Three years ago, I was diagnosed with breast cancer in my left breast, during a biopsy. I had chosen to have a mastectomy if the lump was malignant, due to the size. I had also been prepped with the radioactive dye that lights up the lymph nodes, should they be cancerous also.
The three sentinel nodes under my left arm were cancerous, and the surgeon opted to take 8 more “to be safe”. None of those, he said, appeared to have cancer but he took them so a biopsy could be performed in a laboratory setting.
Very soon after surgery – within a week – I had issues with fluid retention in my left arm and the area of the surgery across my chest – moreso than the drainage tube was meant to drain. While in a checkup in the surgeon’s office, he withdrew a large syringe-full of fluid from the area of my left breast. This reduced the swelling for a few hours, but it quickly returned.
Within 6 months of surgery, I was sent to an Occupational Therapist for the swelling and edema in my arm. Her training and solution was to wrap the arm in firm foam, daily, and manual lymph drainage massage in which she had training. These methods were very mildly successful but in no way permanent or possible for me to do without seeing the therapist on a daily basis, and insurance won’t cover that many visits. The foam wraps are very uncomfortable, restrictive to movement and create additional heat, and for the time periods I was supposed to remain wrapped, would have made it impossible for me to continue to work. I am a single-income household and cannot afford to go to disability or to be without the insurance coverage necessary to pay for the medications and treatments needed both for my continuing cancer maintenance and the lymphedema care.
Within the first 18 months post-surgery, I researched lymphedema control methods – pumps and other potential resolutions for this – and determined for my need that the Tactile Systems Flexi-touch system for manual lymph drainage would allow me to perform this aspect of maintenance at home, for an hour (or potentially 2) per day and be of great assistance. I was fitted by a lymphedema specialist RN, and the process began. It took nearly another year, through appeals, primary care doctor letters, and several more appeals by the Tactile Systems company to get approval for this device. During that time, my left leg became much more affected by lymphedema – which is not unusual since left-side lymph ducts handle more total % of the body’s lymph fluid and mine were terribly compromised by chemotherapy, radiation, and the missing 11 nodes including the sentinel nodes. When the RN with Tactile Systems did my appraisal, she noted the slight (at that time) swelling in my left foot and lower leg and correctly told me that it was due to the effects I had in my left arm, and she ordered me a lower body AND upper body set so that I would have a better opportunity to control this as it progressed and worsened. I am grateful for her foresight so I do not have to fight for another year with my insurance company to get this device.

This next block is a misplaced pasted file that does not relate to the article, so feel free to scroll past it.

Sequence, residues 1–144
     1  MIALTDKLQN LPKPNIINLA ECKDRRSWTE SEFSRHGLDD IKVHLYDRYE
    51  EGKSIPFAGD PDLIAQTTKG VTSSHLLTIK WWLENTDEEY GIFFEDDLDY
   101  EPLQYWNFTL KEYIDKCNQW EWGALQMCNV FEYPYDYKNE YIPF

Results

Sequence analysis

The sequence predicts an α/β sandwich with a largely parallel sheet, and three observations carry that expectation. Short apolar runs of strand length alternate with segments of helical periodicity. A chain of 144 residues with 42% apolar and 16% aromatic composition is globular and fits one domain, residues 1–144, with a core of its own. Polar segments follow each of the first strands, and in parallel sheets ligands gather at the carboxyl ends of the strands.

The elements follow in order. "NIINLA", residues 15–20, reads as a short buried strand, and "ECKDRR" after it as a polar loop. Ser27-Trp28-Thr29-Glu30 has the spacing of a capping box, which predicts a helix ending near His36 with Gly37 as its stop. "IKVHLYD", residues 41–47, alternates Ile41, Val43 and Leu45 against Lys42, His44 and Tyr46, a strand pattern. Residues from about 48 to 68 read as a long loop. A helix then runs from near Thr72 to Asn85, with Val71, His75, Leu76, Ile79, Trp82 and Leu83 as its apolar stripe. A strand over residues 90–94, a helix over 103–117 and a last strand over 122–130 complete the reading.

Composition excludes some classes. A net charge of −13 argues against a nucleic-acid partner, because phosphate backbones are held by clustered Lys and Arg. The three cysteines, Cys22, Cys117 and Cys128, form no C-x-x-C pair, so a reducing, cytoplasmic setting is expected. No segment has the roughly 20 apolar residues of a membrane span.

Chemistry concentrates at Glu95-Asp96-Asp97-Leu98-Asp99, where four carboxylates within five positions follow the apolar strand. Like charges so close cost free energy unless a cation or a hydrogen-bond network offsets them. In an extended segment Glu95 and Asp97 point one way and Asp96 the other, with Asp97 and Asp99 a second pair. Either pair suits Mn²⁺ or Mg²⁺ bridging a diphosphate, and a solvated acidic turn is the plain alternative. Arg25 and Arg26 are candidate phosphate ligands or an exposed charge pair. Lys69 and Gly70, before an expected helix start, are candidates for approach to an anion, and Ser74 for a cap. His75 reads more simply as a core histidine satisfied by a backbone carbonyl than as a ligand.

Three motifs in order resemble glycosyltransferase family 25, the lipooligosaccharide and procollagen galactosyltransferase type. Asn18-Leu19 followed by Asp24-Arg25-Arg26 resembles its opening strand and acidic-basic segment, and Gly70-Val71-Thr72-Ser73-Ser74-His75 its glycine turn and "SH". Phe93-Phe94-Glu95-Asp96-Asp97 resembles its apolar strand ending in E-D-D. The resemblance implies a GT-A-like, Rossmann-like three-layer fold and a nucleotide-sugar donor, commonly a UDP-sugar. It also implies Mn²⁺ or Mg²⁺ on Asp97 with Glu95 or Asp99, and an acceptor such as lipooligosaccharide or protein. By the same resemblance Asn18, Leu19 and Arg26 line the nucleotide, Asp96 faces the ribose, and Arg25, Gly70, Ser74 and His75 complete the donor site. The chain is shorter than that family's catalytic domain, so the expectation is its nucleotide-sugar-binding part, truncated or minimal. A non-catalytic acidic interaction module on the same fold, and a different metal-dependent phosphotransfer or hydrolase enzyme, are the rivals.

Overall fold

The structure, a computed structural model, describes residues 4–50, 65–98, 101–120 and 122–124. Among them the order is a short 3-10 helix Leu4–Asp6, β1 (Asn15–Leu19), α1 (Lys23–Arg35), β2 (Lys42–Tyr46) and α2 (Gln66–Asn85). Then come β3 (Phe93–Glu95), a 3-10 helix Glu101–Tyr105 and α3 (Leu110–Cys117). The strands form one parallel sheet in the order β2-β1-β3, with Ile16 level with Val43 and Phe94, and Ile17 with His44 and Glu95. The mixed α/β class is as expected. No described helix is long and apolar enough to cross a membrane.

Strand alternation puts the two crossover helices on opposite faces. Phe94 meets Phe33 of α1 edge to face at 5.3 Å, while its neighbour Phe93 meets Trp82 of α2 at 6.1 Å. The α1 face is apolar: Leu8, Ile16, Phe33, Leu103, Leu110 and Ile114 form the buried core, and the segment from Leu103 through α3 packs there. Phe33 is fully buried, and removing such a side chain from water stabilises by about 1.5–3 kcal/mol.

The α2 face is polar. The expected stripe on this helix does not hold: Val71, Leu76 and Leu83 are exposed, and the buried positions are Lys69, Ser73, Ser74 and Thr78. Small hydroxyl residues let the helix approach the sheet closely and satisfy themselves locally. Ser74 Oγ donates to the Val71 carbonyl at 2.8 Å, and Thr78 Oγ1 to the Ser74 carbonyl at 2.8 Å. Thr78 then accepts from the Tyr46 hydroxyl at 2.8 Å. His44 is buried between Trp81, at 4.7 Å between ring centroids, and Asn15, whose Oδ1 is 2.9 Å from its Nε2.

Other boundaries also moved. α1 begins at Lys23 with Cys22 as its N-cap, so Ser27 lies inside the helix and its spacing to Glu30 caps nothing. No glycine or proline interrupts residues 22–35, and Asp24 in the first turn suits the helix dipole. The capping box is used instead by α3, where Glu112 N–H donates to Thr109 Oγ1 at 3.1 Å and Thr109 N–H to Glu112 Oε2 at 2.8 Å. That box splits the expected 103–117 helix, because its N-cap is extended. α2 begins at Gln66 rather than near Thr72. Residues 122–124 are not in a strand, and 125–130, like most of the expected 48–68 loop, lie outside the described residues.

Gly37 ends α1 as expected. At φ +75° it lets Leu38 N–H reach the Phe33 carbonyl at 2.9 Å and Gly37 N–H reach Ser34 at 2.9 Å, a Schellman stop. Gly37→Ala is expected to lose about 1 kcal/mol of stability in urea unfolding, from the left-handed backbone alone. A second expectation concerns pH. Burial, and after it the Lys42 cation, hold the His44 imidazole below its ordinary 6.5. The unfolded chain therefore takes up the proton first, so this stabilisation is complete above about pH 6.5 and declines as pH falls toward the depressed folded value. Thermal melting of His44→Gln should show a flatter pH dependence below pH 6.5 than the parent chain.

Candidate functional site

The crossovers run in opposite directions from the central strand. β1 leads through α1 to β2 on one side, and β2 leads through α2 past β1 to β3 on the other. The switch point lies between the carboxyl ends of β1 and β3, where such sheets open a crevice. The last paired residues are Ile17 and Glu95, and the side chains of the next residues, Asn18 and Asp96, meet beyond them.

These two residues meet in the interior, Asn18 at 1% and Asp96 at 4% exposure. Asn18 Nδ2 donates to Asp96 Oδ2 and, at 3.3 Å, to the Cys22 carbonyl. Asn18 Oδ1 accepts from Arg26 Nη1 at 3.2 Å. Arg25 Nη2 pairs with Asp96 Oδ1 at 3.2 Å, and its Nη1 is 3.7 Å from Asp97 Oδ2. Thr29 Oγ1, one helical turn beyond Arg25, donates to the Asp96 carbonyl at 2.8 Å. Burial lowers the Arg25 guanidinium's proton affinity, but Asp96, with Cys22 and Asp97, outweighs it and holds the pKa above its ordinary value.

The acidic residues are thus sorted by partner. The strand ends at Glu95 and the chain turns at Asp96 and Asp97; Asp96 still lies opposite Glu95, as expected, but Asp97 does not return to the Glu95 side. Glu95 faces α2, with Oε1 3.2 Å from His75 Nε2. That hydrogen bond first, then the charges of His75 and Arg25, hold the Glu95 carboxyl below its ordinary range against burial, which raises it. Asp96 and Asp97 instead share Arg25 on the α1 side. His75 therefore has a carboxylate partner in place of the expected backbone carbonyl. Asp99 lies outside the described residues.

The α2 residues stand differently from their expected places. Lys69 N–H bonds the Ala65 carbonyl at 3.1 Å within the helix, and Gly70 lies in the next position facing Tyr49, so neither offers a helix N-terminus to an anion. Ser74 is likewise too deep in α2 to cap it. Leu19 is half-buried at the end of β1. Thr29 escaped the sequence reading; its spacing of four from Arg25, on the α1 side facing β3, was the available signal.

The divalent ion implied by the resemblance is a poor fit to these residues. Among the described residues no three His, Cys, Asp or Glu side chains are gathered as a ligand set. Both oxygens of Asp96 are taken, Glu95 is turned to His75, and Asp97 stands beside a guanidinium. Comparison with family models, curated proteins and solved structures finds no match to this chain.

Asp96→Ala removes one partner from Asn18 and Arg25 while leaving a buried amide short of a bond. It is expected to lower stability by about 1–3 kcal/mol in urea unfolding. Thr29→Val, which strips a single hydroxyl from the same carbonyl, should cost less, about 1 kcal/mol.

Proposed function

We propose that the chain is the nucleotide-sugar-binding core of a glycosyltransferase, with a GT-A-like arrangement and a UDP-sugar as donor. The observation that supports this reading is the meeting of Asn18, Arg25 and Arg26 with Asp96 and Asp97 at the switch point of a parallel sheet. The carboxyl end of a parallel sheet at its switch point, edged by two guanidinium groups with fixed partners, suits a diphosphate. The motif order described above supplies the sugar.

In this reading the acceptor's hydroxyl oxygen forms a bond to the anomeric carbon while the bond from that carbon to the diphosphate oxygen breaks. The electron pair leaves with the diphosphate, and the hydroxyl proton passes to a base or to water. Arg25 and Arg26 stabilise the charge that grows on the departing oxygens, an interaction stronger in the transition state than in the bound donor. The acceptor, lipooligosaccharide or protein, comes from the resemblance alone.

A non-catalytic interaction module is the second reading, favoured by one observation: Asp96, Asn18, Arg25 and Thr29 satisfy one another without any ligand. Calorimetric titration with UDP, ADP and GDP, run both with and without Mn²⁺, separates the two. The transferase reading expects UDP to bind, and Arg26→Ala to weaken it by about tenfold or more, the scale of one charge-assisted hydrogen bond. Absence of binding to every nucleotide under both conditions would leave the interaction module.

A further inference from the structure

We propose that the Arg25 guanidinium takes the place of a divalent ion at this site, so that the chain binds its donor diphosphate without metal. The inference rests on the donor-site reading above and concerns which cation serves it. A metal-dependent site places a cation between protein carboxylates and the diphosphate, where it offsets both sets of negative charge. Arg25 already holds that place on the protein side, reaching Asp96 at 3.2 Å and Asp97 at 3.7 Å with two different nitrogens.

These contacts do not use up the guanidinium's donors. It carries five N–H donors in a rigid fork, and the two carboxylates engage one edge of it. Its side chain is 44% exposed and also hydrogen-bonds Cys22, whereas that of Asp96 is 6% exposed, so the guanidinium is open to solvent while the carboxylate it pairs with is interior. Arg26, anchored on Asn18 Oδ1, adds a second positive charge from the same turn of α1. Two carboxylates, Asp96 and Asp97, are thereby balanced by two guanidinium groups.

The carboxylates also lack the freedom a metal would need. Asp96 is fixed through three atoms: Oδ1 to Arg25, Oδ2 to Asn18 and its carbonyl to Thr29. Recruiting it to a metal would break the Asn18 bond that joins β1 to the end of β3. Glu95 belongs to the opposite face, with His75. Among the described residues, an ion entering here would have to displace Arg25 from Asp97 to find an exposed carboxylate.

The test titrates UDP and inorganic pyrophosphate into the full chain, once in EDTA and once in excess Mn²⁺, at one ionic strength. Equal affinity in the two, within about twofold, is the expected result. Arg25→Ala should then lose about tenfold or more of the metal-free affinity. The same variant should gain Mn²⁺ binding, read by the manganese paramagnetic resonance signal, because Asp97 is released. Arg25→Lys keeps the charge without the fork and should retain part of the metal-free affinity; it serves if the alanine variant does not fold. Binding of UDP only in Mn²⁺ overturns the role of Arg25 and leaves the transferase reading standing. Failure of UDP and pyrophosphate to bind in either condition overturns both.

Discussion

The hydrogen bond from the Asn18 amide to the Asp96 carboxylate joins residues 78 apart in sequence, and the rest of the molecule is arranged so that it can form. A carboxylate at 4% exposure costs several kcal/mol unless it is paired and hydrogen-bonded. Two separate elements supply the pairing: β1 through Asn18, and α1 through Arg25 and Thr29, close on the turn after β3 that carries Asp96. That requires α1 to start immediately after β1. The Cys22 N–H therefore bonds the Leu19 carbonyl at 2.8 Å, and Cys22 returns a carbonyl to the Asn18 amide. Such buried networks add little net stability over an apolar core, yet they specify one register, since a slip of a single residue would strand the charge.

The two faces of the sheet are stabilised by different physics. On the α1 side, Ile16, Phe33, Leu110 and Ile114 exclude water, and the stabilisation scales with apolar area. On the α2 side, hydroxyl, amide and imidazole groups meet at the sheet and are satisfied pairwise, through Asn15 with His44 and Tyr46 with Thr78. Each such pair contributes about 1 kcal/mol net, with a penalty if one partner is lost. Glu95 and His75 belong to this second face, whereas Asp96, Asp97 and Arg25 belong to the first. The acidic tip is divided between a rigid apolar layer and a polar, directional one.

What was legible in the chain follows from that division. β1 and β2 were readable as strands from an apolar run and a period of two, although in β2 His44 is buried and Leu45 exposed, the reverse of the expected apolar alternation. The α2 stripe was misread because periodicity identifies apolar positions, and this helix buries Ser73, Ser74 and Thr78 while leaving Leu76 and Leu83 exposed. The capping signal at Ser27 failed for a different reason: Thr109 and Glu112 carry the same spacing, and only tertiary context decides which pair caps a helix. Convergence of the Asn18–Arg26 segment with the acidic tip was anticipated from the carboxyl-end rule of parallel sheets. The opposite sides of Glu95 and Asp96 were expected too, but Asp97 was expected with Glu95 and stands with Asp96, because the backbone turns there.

I dread the time when the garments no longer work as their supposed to, and I need to replace them. I dread the time when the 2 year warranty on the motor is over, and the insurance needs to be involved in replacement if (when) it fails. The struggle I had the first time was harsh, and I have a different insurance company now, so am anticipating a similar fight and hoops and time.
There needs to be better recognition of this result of cancer surgery (or any type of surgery, I’m presuming) where lymph nodes are removed, where chemotherapy is used, and/or where radiation is used. My arm-lymphedema became much worse after radiation, and my radiation oncologist told me this was permanent. More research and more understanding both from the medical profession and insurance companies must be advocated and treatments found.